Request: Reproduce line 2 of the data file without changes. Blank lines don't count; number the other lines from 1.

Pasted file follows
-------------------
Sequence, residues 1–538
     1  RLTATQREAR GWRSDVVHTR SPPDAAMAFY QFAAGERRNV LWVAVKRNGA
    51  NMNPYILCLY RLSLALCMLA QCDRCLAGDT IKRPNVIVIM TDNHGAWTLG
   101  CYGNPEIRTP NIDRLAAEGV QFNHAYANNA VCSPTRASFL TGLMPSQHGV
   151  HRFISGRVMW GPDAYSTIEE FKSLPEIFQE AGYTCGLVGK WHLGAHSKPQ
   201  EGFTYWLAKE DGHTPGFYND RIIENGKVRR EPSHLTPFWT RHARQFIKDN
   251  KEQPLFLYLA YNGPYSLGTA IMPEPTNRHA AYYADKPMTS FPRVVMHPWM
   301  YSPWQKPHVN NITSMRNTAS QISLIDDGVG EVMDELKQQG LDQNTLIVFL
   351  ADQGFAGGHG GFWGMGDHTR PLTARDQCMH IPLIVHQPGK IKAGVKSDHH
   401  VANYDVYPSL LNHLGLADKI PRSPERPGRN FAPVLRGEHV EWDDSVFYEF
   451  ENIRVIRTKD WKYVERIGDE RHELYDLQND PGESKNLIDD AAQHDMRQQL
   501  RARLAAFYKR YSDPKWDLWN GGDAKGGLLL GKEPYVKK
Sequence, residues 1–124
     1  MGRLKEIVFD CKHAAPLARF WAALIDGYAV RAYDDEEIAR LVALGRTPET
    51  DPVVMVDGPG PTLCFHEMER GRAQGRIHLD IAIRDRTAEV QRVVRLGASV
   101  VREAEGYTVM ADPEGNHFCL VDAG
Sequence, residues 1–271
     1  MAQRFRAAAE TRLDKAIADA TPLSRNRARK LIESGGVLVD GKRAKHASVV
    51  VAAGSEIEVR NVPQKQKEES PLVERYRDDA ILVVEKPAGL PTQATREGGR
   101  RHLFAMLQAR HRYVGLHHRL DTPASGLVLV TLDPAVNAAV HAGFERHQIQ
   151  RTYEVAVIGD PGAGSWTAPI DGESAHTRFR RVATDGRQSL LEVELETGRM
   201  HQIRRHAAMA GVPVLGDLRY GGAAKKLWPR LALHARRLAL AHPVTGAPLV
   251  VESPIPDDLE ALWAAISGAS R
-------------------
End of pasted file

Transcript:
     1  RLTATQREAR GWRSDVVHTR SPPDAAMAFY QFAAGERRNV LWVAVKRNGA